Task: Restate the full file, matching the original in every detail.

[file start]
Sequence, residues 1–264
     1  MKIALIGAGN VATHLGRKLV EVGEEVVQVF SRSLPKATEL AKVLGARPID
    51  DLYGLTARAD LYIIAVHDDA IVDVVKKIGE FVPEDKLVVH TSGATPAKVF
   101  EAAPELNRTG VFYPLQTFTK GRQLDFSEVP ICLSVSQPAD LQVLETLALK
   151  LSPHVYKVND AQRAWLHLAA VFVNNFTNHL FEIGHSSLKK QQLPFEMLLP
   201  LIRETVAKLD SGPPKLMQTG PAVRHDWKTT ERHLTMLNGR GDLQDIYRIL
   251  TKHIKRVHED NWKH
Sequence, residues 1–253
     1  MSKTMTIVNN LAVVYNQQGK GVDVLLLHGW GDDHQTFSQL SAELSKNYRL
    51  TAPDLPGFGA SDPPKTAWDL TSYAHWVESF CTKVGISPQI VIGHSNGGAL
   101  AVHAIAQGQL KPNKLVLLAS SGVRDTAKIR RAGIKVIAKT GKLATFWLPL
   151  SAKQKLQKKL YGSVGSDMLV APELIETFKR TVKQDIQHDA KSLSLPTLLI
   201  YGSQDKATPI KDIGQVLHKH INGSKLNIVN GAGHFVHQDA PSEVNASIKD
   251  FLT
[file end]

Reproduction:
Sequence, residues 1–264
     1  MKIALIGAGN VATHLGRKLV EVGEEVVQVF SRSLPKATEL AKVLGARPID
    51  DLYGLTARAD LYIIAVHDDA IVDVVKKIGE FVPEDKLVVH TSGATPAKVF
   101  EAAPELNRTG VFYPLQTFTK GRQLDFSEVP ICLSVSQPAD LQVLETLALK
   151  LSPHVYKVND AQRAWLHLAA VFVNNFTNHL FEIGHSSLKK QQLPFEMLLP
   201  LIRETVAKLD SGPPKLMQTG PAVRHDWKTT ERHLTMLNGR GDLQDIYRIL
   251  TKHIKRVHED NWKH
Sequence, residues 1–253
     1  MSKTMTIVNN LAVVYNQQGK GVDVLLLHGW GDDHQTFSQL SAELSKNYRL
    51  TAPDLPGFGA SDPPKTAWDL TSYAHWVESF CTKVGISPQI VIGHSNGGAL
   101  AVHAIAQGQL KPNKLVLLAS SGVRDTAKIR RAGIKVIAKT GKLATFWLPL
   151  SAKQKLQKKL YGSVGSDMLV APELIETFKR TVKQDIQHDA KSLSLPTLLI
   201  YGSQDKATPI KDIGQVLHKH INGSKLNIVN GAGHFVHQDA PSEVNASIKD
   251  FLT